Type species: umbrosaria Hübner, N. America.
Synonyms: Boarmia Treitschke (type species roboraria
Denis & Schiffermüller, Palaearctic); Dryocoetis Hübner (type
species roboraria); Serraca Moore (type species transcissa Walker);
Astacuda Moore (type species cineracea Moore); Pseudangerona Moore
(type species separata Walker); Maidania Swinhoe (type species tetragonata
Walker) syn. n.; Pseudoboarmia MacDunnough (type species umbrosaria
The concept of this genus has recently been refined,
with identification of Oriental species, by Sato (1984a, 1988, 1990b, 1991). Maidania
Swinhoe falls within this concept (see account of the type species, below).
The male genitalia are distinguished by several features. The tegumen
usually terminates dorsally in a pair of slender, curved processes that bear a
brush of setae apically. In some species these are reduced to small lobes (e.g. H.
glochinophora Prout) and in a few they are absent. The valves usually bear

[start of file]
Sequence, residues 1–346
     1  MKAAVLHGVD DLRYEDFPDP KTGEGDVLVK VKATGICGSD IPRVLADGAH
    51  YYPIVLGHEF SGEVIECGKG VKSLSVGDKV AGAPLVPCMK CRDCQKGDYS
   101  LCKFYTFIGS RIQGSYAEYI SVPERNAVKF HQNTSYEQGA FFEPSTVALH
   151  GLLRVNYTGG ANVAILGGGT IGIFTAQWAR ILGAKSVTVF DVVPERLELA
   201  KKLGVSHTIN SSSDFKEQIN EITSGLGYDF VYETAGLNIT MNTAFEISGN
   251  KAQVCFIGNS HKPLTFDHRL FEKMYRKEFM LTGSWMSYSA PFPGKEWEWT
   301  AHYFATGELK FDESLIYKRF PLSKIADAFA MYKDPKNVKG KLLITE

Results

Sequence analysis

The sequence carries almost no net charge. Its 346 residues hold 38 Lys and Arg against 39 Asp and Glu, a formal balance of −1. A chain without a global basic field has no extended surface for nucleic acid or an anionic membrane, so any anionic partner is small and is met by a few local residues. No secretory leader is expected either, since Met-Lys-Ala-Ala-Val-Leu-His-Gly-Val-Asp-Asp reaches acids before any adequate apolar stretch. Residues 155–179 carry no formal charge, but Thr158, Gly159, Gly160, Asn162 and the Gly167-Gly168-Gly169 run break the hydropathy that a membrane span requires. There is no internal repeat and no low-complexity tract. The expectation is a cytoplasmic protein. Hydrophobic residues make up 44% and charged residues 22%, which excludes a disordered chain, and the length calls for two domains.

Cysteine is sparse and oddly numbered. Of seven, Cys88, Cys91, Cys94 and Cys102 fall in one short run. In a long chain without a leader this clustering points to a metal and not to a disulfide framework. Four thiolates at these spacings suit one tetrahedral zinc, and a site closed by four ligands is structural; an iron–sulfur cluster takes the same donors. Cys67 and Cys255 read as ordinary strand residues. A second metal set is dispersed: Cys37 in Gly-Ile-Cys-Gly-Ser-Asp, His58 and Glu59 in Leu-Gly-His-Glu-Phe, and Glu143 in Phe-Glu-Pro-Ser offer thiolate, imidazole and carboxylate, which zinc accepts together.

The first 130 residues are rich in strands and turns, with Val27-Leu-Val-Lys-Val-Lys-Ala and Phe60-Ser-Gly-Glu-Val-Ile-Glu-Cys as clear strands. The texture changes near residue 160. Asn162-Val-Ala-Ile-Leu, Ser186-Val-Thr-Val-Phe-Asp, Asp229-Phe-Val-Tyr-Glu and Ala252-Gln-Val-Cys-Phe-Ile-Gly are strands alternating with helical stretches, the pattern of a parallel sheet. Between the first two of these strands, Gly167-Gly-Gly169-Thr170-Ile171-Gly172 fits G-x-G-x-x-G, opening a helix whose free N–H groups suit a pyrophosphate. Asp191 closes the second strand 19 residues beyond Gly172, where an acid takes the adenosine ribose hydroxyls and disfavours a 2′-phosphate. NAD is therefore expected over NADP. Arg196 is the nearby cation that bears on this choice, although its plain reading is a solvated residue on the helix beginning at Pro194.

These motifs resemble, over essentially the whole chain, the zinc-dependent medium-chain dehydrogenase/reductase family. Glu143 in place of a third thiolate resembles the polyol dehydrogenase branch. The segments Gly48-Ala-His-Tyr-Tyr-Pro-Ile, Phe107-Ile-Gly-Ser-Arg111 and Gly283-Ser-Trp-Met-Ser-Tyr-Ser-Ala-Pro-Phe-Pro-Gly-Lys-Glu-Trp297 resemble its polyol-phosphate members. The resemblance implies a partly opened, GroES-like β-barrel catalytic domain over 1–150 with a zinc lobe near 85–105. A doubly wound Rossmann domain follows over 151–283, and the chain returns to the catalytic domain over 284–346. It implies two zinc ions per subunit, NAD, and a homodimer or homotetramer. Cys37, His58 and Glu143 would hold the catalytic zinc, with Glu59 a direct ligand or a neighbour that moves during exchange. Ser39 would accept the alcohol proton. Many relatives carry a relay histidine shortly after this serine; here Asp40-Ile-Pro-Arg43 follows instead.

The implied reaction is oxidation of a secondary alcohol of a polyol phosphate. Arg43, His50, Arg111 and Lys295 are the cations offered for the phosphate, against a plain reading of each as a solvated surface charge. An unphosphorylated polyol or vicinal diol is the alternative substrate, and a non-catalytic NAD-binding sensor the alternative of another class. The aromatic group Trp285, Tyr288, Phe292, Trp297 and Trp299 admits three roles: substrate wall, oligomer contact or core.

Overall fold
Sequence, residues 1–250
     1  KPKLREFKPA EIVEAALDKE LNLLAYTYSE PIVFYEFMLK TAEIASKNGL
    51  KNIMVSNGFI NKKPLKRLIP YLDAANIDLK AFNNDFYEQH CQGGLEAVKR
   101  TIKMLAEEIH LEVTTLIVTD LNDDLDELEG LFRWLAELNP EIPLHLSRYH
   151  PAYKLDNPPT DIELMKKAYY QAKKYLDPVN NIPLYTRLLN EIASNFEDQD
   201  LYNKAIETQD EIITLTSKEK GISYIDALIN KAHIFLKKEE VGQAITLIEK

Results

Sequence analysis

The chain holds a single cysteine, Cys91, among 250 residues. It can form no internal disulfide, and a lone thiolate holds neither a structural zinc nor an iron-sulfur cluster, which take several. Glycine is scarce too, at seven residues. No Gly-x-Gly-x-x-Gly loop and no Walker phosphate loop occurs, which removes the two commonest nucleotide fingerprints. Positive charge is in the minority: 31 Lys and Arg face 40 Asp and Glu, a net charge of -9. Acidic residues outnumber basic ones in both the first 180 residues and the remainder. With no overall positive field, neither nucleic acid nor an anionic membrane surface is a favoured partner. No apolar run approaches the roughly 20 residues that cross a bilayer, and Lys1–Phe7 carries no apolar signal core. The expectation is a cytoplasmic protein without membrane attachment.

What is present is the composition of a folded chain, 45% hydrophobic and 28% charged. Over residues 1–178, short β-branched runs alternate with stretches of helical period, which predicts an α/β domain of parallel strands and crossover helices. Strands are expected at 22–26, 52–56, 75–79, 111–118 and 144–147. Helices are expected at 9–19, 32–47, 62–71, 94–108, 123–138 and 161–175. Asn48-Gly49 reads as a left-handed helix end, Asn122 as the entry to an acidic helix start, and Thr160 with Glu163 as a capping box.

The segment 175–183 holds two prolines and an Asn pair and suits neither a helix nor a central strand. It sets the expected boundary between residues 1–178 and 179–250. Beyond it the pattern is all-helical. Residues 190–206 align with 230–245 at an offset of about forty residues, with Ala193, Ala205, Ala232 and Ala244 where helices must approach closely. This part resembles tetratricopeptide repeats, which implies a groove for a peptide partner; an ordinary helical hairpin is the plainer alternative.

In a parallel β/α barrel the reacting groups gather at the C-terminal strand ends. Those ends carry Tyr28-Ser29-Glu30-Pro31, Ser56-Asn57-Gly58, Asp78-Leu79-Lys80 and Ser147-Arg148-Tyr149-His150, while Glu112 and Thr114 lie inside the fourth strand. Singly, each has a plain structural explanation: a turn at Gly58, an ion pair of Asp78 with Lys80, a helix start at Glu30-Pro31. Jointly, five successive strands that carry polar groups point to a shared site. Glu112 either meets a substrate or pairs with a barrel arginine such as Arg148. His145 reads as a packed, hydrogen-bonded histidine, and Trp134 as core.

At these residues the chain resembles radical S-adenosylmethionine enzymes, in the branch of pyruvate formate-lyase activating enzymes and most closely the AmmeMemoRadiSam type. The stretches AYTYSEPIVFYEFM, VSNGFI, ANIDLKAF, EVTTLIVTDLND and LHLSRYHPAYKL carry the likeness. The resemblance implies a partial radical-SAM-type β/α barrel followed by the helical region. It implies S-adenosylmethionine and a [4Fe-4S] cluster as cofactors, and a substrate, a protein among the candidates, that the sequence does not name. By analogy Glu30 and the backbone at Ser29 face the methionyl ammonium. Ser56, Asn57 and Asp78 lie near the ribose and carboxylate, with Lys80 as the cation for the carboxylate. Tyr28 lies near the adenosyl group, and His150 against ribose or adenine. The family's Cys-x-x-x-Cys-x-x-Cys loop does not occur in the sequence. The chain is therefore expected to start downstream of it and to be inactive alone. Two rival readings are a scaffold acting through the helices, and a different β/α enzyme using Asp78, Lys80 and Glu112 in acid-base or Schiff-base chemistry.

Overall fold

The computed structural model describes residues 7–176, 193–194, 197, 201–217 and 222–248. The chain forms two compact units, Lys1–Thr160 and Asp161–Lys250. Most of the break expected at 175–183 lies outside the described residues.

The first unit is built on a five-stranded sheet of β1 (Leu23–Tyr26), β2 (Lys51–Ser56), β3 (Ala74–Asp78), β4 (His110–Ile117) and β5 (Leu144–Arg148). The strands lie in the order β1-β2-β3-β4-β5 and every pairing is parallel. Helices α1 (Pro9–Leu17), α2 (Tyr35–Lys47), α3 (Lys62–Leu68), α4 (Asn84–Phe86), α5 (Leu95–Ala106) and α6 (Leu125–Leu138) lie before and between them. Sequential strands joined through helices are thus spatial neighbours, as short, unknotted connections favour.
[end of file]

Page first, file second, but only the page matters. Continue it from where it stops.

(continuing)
two bands with short, robust setae, usually set opposite each other in the
centre of the valve, one subcostally and one a distal extension of the sacculus.
The juxta is basally broad, then sharply constricted between the basal zone and
the anellus. The aedeagus is short, terminating in one or two elongate, narrow,
densely but shortly spined processes. The vesica is short, tubular, often
scobinate, more rarely with a lobe or patch with short spines.
In the female genitalia the ductus is short, the bursa rather narrow,
elongate, parallel-sided, with basal scobination and a weak distal signum of two
sclerotised teeth linked by a short bar, or no signum. The ovipositor lobes and
eighth segment vary from normal to elongate, telescopic (Maidania).
Sato (1984a) mentioned the following larval features: the body skin is
granulate; there is a large tubercle present posteroventrad of seta D1 on A2;
most body setae are truncate apically in many species; seta L1 on A6-8 is fine,
slender. The larvae are twig-like in appearance, mottled grey and brown.
The larvae are arboreal feeders, highly polyphagous in many species,
recorded from both conifer and angiosperm families.
The genus is Holarctic to tropical, with extensive representation in the
Oriental Region, featuring in both lowland and montane habitats.
to Contents page